GENEVA (AP) — Who needs St. Tropez? A glitzy Swiss city is allowing women to swim topless now, too.
Geneva's regional council, modifying a ban that predated bikinis by decades, has ruled that women can again pop off their tops legally in Lake Geneva and Rhone River without running the risk of a fine.
It didn't take many petitioners to sway lawmakers' minds. The council voted to amend a 1929 ordinance that prohibited women from swimming topless in the city's natural waterways, but the change doesn't apply to public swimming pools or swimming naked.
The issue made headlines locally last summer after a woman who was fined for swimming topless complained that women were allowed to sunbathe bare-breasted, but not swim that way — as if the eyes of fish merited greater shielding than those of human passers-by.
She led a petition drive that garnered a mere 233 signatures, but that was enough.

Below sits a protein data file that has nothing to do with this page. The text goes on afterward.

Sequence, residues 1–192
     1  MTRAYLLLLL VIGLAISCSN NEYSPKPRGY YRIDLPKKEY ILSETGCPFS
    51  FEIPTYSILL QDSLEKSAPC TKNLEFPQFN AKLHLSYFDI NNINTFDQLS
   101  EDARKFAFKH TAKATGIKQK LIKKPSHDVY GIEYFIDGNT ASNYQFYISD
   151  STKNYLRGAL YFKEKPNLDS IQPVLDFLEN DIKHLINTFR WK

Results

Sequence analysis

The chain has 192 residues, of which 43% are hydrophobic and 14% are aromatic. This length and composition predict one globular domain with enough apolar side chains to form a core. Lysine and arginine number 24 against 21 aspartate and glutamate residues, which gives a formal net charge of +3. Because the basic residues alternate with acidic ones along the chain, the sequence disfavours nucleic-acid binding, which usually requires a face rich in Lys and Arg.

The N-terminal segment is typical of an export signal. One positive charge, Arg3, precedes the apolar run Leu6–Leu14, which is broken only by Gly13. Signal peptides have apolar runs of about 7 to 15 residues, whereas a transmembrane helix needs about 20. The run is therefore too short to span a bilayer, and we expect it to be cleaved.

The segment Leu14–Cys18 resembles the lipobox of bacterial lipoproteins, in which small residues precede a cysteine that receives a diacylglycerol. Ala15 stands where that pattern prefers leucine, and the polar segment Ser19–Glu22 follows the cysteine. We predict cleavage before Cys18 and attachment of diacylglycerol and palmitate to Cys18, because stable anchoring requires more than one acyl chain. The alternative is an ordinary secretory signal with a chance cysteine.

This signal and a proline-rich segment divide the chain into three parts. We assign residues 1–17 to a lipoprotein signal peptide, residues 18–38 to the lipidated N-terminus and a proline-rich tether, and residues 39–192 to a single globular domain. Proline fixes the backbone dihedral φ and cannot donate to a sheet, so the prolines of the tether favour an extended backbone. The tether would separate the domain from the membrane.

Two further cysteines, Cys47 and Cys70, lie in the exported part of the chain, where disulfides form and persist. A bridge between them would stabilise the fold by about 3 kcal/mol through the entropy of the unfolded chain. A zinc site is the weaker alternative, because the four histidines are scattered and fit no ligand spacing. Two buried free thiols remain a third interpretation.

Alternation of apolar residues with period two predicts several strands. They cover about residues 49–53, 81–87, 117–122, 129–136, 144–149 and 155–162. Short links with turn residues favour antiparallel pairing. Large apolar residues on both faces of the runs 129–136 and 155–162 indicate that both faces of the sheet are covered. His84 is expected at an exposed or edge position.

"The state council studied this petition and decided that indeed, in 2017 this very old law could be relaxed, and acknowledged that women can swim bare-breasted," Nicolas Bolle, assistant secretary-general of Geneva's security department, said Thursday of the decision made a day earlier.
"Think back to what our great-grandmothers and grandmothers wore to swim in 1929: A lot of water has flowed under the bridge since then," he added.
The complainant insisted the law was sexist. The fines section of the security department said in an email that women offenders risked penalties of 70 Swiss francs, or about $70, for violating the local law.
The issue had been subject to selective enforcement, leaving it up to individual police officers to decide if a citation was warranted. A statement from the regional government Wednesday cleared that up, stating flatly: "It will now be possible for women to swim topless, if they so desire."
Frank Jordans contributed from Berlin.